RED SOX 10, ROCKIES 5: Sean McAdam: Sox took the Rockies’ best punch and stood tall
01:43 AM EDT on Sunday, October 28, 2007
DENVER — There comes a time in every postseason series when a team is tested, when a team has to decide what they’re made of.
For the Red Sox, that point came somewhere between the bottom of the seventh and the top of the eighth in Game Three of the World Series.
In the bottom of the sixth, the Red Sox held a commanding 6-0 lead and had outscored the Colorado Rockies 21-2 at that point. Another lopsided win seemed certain and a World Series sweep seemed imminent.
Then it got interesting. The Rockies worked two walks off Daisuke Matsuzaka and Javier Lopez allowed both inherited baserunners to score. In the seventh, Mike Timlin yielded two singles to start the inning and the Sox turned to Hideki Okajima, who had retired all seven hitters in Game 2 — four by strikeout.
But Okajima’s first pitch to Matt Holliday — the Rockies’ Game Two baserunning goat — was drilled some 430 feet to straightaway center.
Suddenly, the Series outcome wasn’t assured after all. Suddenly, the Red Sox command of the Series seemed legitimately threatened. If the Rockies, trailing by six, could steal this one, then maybe, just maybe, the World Series could get interesting after all.
Coors Field came alive. Rockies fans waved their white rally towels. The energy was palpable.
These were the Rockies, remember, who had won 21 of 22 before walking into the Fenway buzz saw Wednesday night. These were the same Rockies who had been down to their final strike in the National League play-in game against the San Diego Padres. In extra innings. Against baseball’s all-time save leader.
So the Rockies — and their fans — don’t scare easily. Not this month, anyway.
When Todd Helton followed with a single, the Rockies had the potential tying run on base and the potential winning run at the plate with no out.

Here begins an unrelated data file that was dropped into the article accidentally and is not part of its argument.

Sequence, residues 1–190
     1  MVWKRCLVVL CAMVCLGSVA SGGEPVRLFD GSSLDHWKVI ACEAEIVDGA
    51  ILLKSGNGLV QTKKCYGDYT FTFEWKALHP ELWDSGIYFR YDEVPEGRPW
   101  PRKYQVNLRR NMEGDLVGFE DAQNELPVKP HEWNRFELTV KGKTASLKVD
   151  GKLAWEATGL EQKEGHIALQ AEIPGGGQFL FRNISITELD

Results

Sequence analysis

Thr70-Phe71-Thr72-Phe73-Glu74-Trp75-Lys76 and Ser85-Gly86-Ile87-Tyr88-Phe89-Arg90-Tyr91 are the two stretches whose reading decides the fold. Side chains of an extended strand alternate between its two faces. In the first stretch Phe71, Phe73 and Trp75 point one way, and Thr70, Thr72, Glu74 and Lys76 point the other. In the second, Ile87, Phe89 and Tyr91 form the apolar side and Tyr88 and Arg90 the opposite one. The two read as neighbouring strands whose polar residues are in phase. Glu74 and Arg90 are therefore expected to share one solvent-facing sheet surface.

Then, just as quickly as the Series had turned away from the Red Sox, it turned back. Okajima dug in and struck out the next two hitters and got the final out of the inning on a comebacker.
As if to make their point clear, the Red Sox responded by tacking on three more runs in the top of the eighth on an RBI-double by Jacoby Ellsbury and a two-run double from Dustin Pedroia.
Colorado’s last best chance to get back into the Series had come in the span of a few hitters. Then, they were out again, mere fodder for the Red Sox, on their way to their sixth straight post-season victory.
End of story, and in all likelihood, end of Series.
In a way, Game Three was a perfect microcosm of their season.
During the year, the Red Sox led the division comfortably. In the final weeks of the season, finally put to the test by the late-charging Yankees, the Sox steadied themselves and hung on to win their first division in 12 years.
The World Series has been more of the same. An easy win in Game One, a nail-biting victory in Game Two, and finally, as things seemed guaranteed, a challenge put forth, one which the Red Sox capably answered.
They can wrap up their second World Series in four years tonight. They can extend their World Series winning streak to eight straight. They can make it look easy and enjoy yet another sweep of the National League champs, just the way they did in 2004.
It will look easy on paper. The scores will show the Red Sox reaching double figures in runs at least twice on their way to victory.
But what the line scores and game results won’t show is how the Red Sox took the Rockies’ best punch and didn’t buckle, how the Red Sox could have lost control of the Series and didn’t, how the Sox responded like champions.
That’s a title the Sox can’t officially claim until tonight at earliest, but one they might have earned last night, sometime between the bottom of the seventh inning, when the Rockies took their best shot, and the top of the eighth, when the Red Sox answered in kind.